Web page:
Due to the scheduling of the tax year in Arizona, the parcels will not be split into different assessor parcel numbers until at least the 2003 tax roll. The deeds would need to be recorded prior to September 15, 2002 for them to take effect on the 2003 tax roll. Or if there is not a transfer of ownership, just a split for mortgage purposes, the property owner will need to go into the assessor's office with the legal descriptions for each parcel and request a split for the 2003 tax roll. September 15 is the cut off date for all construction and splits of legal descriptions. Check out my paragraphs in my master addendum. Has the house been constructed or is it proposed construction as well as proposed split of the legal?
 

pgerarde

Thread Starter
Junior Member
Joined
Mar 5, 2002
Professional Status
Certified Residential Appraiser
State
Arizona
:D Thanks guys for all your feedback. Jo Ann, I went back and checked your Text Addendum templete and did find the "Extraordinary Assumption" clause. Thanks, I used it for the header and opening paragraph for my previously written "CYA" paragraph.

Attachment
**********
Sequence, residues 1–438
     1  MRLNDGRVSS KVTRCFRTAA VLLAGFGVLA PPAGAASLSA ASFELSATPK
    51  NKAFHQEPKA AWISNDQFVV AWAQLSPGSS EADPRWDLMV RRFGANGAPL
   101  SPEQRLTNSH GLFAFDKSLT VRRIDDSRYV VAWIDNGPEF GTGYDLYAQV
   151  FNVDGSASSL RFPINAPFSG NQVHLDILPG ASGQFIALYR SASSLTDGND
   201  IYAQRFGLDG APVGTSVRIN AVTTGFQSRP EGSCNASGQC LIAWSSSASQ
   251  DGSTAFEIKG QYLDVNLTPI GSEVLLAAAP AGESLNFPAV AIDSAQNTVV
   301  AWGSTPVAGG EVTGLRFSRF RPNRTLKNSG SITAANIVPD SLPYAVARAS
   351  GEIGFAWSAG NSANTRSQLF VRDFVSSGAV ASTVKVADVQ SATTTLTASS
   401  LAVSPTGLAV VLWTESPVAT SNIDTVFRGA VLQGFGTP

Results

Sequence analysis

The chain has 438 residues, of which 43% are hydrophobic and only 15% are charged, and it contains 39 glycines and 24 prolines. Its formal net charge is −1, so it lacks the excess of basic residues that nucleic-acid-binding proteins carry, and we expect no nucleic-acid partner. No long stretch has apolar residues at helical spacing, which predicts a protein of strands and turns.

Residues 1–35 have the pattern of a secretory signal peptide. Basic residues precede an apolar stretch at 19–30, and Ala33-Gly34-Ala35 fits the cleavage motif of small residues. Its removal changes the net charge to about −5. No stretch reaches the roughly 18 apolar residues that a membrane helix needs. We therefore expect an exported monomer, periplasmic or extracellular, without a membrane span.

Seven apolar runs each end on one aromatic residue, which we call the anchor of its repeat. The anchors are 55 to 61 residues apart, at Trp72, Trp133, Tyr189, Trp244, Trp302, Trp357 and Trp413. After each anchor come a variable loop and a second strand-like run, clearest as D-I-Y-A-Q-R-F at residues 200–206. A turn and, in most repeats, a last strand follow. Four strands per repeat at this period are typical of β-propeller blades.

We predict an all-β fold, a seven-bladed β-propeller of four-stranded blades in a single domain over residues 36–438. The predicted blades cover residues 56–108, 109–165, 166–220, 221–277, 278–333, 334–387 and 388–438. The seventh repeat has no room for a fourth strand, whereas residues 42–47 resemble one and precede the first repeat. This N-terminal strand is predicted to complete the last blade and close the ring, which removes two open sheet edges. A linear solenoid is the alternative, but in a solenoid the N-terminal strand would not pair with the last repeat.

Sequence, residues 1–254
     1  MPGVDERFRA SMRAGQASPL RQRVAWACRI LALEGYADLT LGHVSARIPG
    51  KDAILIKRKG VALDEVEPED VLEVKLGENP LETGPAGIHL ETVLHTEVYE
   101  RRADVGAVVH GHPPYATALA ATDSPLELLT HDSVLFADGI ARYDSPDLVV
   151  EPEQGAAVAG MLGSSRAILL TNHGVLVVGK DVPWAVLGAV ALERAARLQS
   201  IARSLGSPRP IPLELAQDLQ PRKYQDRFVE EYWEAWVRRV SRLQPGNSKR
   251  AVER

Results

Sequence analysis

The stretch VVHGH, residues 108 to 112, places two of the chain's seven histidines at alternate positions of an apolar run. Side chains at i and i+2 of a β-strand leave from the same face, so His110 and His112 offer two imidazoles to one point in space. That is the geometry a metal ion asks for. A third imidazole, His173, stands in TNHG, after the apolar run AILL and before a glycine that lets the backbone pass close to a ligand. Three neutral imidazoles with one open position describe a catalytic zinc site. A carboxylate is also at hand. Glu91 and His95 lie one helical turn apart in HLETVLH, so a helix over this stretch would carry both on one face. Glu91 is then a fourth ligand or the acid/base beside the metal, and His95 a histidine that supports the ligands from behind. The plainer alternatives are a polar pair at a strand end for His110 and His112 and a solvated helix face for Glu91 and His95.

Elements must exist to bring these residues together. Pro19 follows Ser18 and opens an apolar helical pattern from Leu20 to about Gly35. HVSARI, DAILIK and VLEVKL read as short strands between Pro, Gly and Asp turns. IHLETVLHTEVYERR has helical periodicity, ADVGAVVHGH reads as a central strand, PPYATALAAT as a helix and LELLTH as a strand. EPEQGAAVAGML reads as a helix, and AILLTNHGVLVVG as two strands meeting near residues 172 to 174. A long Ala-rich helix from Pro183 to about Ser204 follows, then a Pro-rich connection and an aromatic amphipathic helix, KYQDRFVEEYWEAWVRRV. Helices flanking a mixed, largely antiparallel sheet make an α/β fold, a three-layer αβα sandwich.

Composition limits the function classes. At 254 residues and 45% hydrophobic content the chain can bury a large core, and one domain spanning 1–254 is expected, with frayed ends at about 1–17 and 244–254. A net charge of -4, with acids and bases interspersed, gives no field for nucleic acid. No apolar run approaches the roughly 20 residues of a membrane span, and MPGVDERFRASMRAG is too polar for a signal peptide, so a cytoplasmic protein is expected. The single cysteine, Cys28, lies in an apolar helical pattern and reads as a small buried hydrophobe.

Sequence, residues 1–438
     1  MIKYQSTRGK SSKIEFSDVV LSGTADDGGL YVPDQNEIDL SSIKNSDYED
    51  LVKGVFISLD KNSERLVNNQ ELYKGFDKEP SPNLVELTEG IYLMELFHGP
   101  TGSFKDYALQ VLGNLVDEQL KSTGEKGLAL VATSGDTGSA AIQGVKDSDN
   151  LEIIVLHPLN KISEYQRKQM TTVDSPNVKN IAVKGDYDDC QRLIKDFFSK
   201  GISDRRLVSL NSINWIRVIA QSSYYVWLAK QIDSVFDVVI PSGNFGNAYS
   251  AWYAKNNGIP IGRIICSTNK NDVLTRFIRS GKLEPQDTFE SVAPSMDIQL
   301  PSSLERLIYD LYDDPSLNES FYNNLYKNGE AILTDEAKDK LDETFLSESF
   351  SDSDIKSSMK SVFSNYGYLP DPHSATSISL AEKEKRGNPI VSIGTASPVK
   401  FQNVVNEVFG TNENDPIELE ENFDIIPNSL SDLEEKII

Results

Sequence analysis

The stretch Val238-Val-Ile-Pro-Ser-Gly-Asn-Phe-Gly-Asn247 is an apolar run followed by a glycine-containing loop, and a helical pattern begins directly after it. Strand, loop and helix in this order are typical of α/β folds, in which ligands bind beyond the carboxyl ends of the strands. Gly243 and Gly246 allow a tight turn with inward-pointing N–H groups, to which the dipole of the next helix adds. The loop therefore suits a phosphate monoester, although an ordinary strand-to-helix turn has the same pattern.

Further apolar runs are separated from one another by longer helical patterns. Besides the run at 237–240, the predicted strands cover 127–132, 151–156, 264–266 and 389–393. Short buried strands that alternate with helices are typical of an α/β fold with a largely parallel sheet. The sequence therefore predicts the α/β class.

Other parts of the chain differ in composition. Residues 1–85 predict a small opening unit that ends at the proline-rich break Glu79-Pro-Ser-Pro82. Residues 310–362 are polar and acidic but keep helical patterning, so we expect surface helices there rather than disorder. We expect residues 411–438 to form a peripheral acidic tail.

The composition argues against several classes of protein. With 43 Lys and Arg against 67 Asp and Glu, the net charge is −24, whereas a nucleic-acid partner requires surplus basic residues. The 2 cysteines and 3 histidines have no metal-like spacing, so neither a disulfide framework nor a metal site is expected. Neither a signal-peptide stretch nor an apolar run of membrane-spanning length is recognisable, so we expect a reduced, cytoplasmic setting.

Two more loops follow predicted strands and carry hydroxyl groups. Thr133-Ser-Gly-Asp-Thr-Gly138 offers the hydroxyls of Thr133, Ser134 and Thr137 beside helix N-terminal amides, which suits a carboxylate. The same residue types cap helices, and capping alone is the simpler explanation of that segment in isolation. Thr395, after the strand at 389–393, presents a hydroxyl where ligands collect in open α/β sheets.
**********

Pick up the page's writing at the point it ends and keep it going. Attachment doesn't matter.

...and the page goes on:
Never had these sort of conditions appraising for 14 years in California...I know "Welcome to rural Arizona"...

Thanks again to all of you. :D

Patti in Chino Valley, Arizona
 

Ben Vukicevich SRA

Senior Member
Joined
Feb 9, 2002
Professional Status
Certified General Appraiser
State
New Jersey
Brad,


Me, I'm a "subject to" kinda guy on this one. Only because you have the legal description already but you aren't really sure if it is approved (could be a preliminary subdivision plan and thus a hypo condition).

So, I'd "subject to" like this:

"Appraised value is based on the legal description provided/attached but is subject to borrower providing a copy of an approved subdivision issued by the municipality."

So, no funds are lent until the condition is met.

Also keeps the appraiser fuzzy and warm, if they go ahead and lend without the approved subdivision plan in their hands. I'm covered in any event and I don't care what they do.

Ben
 

Farm Gal

Elite Member
Joined
Jan 14, 2002
Professional Status
Licensed Appraiser
State
Nebraska
Ben